Curator Alessandro Rabottini has written that by using 16mm film, the artists “look back to the image of early film, when it was synonymous with exploration and knowledge in anthropology and science. In doing so they recreate a kind of physical proximity, a tactile intimacy with the mechanism of projection.” This is undoubtedly true: a sense of past-­ness haunts the exhibition, both in the use of antiquated film apparatuses and the nostalgia redolent in the subject matter.  Mythological references, ancient statuary, the slow movement of a turtle and a donkey – the films signal a past that is opposed to the present, to a Rousseau-­ian duality of nature and culture, primitive and civilized. Here Rabottini’s invocation of the artist as anthropologist takes on a rather unsettling tone: a seemingly innocent appetite for images is thus transformed into a desire to possess them: to slow down time to hold it still, to capture through protracted looking.This sensorial disruption is particularly evident in the exhibition’s centerpiece, the eponymous Papagaio (Djambi), 2014. At 43 minutes, it is the artists’ longest film to date. The film was shot on the archipelago of São Tomé and Príncipe, a former Portuguese colony in the Gulf of Guinea. It ‘documents’ the West African voodoo ritual known locally as D’Jambi, in which the spirits of the dead enter the bodies of the participants, themselves in a state of trance, in order to be healed. One-­third of the footage was shot by the participants – who, ‘possessed’ and deprived of consciousness, shiver, shake and walk over hot coals. The curation of the other rooms takes on the aesthetic qualities of Papagaio – as the figures appear from the dark night, lit by the camera’s spotlight and the glowing embers of a large fire, so do the films materialize upon the gallery walls.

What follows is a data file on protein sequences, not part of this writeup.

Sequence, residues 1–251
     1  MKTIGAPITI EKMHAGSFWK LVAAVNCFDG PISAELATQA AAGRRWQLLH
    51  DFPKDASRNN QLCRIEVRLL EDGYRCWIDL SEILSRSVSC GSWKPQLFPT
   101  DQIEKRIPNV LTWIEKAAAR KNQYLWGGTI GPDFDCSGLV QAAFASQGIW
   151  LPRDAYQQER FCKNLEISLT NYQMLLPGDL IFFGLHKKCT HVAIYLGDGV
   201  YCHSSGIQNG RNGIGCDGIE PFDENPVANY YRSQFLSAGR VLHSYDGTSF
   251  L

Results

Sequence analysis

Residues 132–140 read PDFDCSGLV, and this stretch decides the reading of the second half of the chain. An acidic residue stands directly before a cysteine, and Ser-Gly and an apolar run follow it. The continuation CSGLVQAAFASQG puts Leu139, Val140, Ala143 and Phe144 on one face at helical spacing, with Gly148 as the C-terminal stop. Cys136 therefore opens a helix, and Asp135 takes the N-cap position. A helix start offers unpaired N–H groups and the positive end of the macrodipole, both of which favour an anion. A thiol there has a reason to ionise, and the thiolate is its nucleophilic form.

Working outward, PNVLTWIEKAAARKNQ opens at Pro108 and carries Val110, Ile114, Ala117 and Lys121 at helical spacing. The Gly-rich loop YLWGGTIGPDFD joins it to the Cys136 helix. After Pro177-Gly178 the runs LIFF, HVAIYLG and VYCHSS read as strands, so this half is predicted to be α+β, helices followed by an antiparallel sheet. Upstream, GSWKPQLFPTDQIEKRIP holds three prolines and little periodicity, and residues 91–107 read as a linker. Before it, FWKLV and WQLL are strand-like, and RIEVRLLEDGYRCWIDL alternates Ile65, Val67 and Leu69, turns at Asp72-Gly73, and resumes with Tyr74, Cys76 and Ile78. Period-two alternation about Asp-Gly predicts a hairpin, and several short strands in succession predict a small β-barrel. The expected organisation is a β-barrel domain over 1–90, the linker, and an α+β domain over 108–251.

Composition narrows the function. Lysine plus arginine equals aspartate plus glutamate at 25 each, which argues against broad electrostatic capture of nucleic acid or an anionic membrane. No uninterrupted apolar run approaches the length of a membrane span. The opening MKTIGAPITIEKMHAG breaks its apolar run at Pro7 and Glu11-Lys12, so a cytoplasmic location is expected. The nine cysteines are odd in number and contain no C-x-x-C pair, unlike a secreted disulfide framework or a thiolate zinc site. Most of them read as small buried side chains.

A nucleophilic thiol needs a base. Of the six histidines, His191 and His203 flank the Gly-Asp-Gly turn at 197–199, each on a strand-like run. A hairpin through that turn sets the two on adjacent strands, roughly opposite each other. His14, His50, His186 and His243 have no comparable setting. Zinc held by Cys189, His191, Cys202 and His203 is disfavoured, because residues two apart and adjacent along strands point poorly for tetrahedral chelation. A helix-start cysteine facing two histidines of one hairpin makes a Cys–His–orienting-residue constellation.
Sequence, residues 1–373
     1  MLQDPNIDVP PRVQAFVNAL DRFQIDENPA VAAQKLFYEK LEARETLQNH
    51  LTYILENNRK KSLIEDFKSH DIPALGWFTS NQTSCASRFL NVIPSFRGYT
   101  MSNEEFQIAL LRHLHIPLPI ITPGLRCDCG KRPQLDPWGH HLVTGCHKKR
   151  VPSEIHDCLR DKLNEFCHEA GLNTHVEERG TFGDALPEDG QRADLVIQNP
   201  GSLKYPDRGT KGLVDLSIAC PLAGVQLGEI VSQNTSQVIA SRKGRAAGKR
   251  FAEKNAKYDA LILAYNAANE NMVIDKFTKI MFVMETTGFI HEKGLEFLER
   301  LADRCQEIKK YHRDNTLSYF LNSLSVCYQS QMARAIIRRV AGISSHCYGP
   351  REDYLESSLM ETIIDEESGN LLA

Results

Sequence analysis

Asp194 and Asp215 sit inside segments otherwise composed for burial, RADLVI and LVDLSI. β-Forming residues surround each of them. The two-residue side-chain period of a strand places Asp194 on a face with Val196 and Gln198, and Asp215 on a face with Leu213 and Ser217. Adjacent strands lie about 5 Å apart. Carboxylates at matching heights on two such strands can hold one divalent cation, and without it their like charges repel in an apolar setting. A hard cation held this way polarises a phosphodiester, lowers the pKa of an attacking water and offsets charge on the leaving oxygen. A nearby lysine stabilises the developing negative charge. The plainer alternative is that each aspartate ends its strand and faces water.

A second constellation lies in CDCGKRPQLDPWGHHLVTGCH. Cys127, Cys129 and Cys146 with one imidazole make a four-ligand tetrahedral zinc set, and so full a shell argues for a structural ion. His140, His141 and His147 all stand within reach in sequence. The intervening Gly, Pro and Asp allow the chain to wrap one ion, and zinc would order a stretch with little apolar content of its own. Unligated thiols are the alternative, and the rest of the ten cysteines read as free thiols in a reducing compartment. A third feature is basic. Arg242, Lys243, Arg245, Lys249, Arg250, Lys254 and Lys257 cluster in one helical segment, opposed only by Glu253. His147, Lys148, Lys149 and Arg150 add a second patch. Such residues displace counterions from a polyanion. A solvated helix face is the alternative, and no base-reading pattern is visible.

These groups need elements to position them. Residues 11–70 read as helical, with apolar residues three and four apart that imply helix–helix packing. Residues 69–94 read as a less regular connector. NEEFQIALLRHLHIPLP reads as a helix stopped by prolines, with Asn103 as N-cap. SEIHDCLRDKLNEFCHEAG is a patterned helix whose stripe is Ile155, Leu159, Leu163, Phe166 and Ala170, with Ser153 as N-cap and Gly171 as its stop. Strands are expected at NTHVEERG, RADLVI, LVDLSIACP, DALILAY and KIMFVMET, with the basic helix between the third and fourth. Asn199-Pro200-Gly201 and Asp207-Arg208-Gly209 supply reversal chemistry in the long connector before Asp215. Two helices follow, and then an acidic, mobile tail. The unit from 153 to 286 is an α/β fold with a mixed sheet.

The complicated authorship of Papagaio reinforces the persistent ambiguity of all the films.  Rather than melancholic, then, perhaps by forcing the viewer to endure their works in time and space, the artists draw attention to uncomfortable histories – in particular, here, the darkness of Portugal’s colonial past.  The slow motion worlds created in the films could indeed hold ameliorative powers lurking beneath their ambivalent surfaces.  

















Highly Commended: Review by Nancy Webb

David Altmejd, Flux, at the Musée d’art contemporain de Montréal

27 September – 14 December 2014

Click here for more information about the exhibition.


Sarah Altmejd’s face has exploded. David Altmejd has replaced his sister’s countenance with saccharine clumps of jewellery caked in glitter to form a gruesome, yet tender portrait. The eponymous sculpture opens Altmejd’s mid-career survey ‘Flux,’ which features a non-chronological selection of the artist’s work, currently on view at the Musée d’art contemporain de Montréal.


Le Désert et la Semence, a large-scale installation made specifically for this exhibition, takes up residence in the first room. Part zoological laboratory and part post-apocalyptic Surrealist discothèque, the work is entirely plated with broken mirrors. A Darwinian scene is unfolding, as balls of wet sand evolve into lupine heads. These human-wolf hybrids stare glassy-eyed into space, or shut out the world under crusty lavender lids. Flanked by Altmejd’s mirrored Minimalist labyrinth, The University I, and his diamond-scabbed mid-metamorphosis aggregations such as Untitled (Swallow), Le Désert seems to combine two former preoccupations: mirrors and supernatural transfiguration.